Provide one of these for each guest, and when you are ready for your
entertainment request each of the company to draw on the blank side,
the face of a watch as he can remember it. It is well to furnish
something to use as a guide for the first circle, as that has very
little to do with the memory of detail, and only rarely is one able to
draw even an imperfect circle. Allow all the time required, and when
the papers are collected, a committee can judge on the merits, if it is
designed to give a prize.


=The Endless Thread.= The joker is seen walking about, until some one
observes a piece of white cotton thread sticking on the back of his
coat. Of course, the unfortunate individual is asked whether he has
been sewing his buttons on, etc., being generally laughed at, until
some one attempts to remove the piece of cotton. Then the laugh is
turned, for, as the obliging gentleman pulls the cotton away from the
joker’s coat, so does it become longer until some hundreds of feet
have been extracted. The amusement is then brought to a climax by the
gentleman turning round and drily remarking, “Well, I never! You had
better start putting that back now!”

Before entering the room, the party that is going to play the joke
should provide himself with a reel of white cotton. Without breaking
the cotton, two or three feet must be unwound and threaded through a
needle, which must be passed through the centre of the back of his
coat. Then the reel should be deposited in his inside breast pocket,
and the coat put on; afterwards pulling a little of the cotton through
the garment to see that the reel works properly; the needle, of course,
being removed, and the cotton being cut until only two or three inches
project through the coat at the back. Now it will appear that the
cotton is only sticking to the nap of the coat, but as soon as any one
pulls, the reel will revolve and allow the thread to be dragged out
until the supply is exhausted.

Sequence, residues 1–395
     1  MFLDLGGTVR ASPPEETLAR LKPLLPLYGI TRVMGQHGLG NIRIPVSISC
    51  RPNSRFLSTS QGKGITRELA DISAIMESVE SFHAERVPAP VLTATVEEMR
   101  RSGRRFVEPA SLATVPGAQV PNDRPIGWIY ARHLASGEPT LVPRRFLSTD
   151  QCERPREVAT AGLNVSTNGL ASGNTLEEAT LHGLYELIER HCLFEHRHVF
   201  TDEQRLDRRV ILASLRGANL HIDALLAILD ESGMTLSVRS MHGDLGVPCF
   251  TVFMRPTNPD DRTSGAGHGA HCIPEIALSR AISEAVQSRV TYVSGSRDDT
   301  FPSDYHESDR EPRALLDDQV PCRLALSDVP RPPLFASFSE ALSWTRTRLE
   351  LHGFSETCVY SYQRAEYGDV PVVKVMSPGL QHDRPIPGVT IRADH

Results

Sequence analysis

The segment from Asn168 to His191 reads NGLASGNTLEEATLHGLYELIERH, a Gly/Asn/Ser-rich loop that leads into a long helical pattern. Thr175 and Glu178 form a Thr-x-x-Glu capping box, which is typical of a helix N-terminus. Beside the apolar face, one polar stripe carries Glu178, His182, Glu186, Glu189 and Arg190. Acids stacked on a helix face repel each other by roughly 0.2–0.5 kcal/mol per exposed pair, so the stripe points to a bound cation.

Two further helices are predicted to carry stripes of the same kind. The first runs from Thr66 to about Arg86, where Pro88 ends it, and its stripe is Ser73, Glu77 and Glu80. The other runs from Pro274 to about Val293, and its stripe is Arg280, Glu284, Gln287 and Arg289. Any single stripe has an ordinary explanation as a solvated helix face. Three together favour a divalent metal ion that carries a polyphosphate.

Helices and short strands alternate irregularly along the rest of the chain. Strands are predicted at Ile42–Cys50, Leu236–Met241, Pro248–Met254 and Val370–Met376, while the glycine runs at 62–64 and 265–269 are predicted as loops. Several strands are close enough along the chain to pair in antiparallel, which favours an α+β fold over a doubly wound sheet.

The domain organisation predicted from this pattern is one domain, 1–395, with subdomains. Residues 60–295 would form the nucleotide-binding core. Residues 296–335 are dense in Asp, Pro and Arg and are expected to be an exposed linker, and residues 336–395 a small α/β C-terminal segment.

=The Telltale Glass.= Procure an ordinary glass tumbler, and invert
it on the table. Then request anybody present to lend you a penny.
Placing the coin on the top of the glass, you leave the room, telling
the company at the same time, that if a person will take the penny and
conceal it, you will tell them, when you return, which person has it.

Some one having concealed the coin, you make your appearance, and
request each one round the table to place his first finger on the
glass, one after another, and not all at once. This done, you take up
the glass, and place it to your ear, remarking at the same time that,
by the aid of the sound which you hear, you will be able to tell which
person has the coin. Then you listen for a second or two, put down the
glass, and turning to the person who has the coin, make some remark,
such as “Mr. —--, please give me the penny.” Whereupon the person
addressed produces the coin and hands it to you.

How you got to know who possesses the coin will seem remarkable to the
company, you having been out of the room when the coin was taken off
the glass and concealed.

This is how it is done: when you tell the persons to place their
fingers upon the glass, your confederate, who is one of them, must
place his on after the person who has the coin.


=Pairing Ten Half-dimes.= Place ten half-dimes in a row upon a table.
Then taking up any one of the series, place it upon some other, with
this proviso, that you pass over just ten cents. Repeat this till there
are no single half-dimes left.

1 2 3 4 5 6 7 8 9 10 half-dimes.

Place 4 upon 1, 7 upon 3, 5 upon 9, 2 upon 6, and 8 upon 10.